"Say a person measures [troponin-I levels] of 2 picograms. Normally it stays at that level give or take 50 percent. Now let's say you measure it at 5 picograms. That's 250 percent higher – so that's big," he said. "We have a technology that can measure not only 2 picograms, but that can measure [changes from] 2 picograms to 5 picograms to 10 picograms very accurately, and it turns out that there is a lot of clinical utility to that."
Singulex is not alone in the cardiovascular biomarker space. This week a study published in the European Journal of Heart Failure demonstrated that the Verisens troponin-I assay from molecular diagnostics firm Nanosphere was able to stratify patients at risk of heart failure. Other companies like BG Medicine (PM 12/03/2010) and Insilicos (PM 09/24/2010) are also investigating biomarkers for cardiovascular disease.
As part of its planned FDA submission, Singulex is working on a new version of the Erenna platform for use in clinical settings, including, potentially, at the point of care. Currently, the company offers the troponin-I assay out of its CLIA-certified lab. It offers CLIA-certified assays for the proteins IL-17A, IL-6, and TNFα, as well, which are related to inflammation and cytokine pathways. Additionally it sells a variety of non-CLIA assays for use on the Erenna platform that Goix characterized as "research grade."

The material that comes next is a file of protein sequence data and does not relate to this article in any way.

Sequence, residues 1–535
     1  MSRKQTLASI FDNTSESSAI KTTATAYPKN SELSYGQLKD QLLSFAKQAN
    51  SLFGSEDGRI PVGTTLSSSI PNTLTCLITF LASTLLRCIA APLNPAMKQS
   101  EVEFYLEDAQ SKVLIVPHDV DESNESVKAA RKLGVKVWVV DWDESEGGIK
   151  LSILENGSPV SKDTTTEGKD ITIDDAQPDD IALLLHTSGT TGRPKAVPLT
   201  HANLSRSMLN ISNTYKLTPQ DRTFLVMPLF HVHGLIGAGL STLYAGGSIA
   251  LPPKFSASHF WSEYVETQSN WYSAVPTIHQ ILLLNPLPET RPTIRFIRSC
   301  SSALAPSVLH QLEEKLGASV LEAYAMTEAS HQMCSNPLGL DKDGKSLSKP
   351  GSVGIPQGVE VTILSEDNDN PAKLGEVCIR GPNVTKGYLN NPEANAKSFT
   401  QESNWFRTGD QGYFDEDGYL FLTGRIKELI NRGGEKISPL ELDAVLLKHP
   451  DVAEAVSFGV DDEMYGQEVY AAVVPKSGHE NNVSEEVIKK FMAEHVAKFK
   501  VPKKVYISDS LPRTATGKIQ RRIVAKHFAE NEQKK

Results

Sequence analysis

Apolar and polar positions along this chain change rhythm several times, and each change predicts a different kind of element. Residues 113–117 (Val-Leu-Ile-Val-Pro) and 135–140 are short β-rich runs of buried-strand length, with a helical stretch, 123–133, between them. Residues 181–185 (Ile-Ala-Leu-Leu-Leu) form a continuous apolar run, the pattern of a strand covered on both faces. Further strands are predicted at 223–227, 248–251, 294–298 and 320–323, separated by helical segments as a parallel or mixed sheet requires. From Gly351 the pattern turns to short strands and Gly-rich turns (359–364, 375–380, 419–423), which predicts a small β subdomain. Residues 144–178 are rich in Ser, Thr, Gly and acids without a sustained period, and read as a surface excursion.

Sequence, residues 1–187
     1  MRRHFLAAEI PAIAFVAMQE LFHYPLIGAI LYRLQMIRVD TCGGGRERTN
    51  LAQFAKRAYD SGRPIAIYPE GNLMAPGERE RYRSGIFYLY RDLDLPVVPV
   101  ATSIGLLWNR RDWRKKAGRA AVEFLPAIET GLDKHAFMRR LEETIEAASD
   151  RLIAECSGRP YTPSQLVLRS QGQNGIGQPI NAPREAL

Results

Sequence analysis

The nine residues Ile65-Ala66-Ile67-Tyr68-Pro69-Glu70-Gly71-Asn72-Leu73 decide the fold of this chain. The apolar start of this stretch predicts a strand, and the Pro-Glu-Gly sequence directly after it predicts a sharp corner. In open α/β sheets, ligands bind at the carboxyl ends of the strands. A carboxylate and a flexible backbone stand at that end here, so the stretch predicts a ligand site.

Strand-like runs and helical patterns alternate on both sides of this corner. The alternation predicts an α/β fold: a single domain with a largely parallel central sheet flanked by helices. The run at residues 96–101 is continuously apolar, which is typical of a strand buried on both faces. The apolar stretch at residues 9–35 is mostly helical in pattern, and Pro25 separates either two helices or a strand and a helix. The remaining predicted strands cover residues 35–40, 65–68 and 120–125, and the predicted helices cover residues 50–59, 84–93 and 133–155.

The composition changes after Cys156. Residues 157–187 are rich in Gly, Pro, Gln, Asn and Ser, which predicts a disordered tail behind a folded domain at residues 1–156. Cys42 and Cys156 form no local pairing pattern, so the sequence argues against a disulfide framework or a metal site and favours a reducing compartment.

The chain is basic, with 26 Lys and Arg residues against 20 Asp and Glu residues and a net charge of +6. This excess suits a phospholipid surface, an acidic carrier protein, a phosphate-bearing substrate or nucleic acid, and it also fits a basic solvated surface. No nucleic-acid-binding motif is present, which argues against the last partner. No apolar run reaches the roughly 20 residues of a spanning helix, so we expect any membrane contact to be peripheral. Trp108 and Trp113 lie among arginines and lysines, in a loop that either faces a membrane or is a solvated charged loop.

Singulex also works with a variety of large pharmaceutical companies, he said, including Roche, Novartis, and Pfizer. In these partnerships, the company applies its technology to the high-sensitivity quantification of biomarkers that these firms have developed as part of their drug development efforts.
"We're very complementary to, say, a mass spec company where you have, in discovery, say, 500 biomarkers you need to look at," he said. "The next level is where you have maybe 10 biomarkers and you want maybe two fully validated. You'd use our technology for that. We develop a clinical-grade answer; we're more in the diagnostic-grade development."
Bringing high-sensitivity quantification to established markers has been a trend for single-molecule detection firms. Much like Singulex's work with troponin-I, single-molecule analysis company Quanterix has used its Single Molecule Array – or SiMoA – technology to measure the established biomarker prostate specific antigen in the blood of radical prostatectomy patients at concentrations far lower than that allowed by conventional ELISA-based tests. A study using the company's technology published in the June issue of Nature Biotechnology suggested that such high-sensitivity measurements of PSA could be useful in assessing the risk of cancer recurrence (PM 06/11/2010).
In addition to cardiovascular disease, Singulex is now looking to apply its platform to autoimmune disorders, Goix said. The company is working with researchers at New York University on rheumatoid arthritis, and in September won part of a €2.2 million ($2.9 million) grant from France's Single Inter-Ministry Fund for an R&D program headed by Indicia Biotechnology in collaboration with the Hospital of Lyon, TxCell, and Novartis, to develop biomarkers for Crohn's disease on the Erenna system. It began work on the project this month.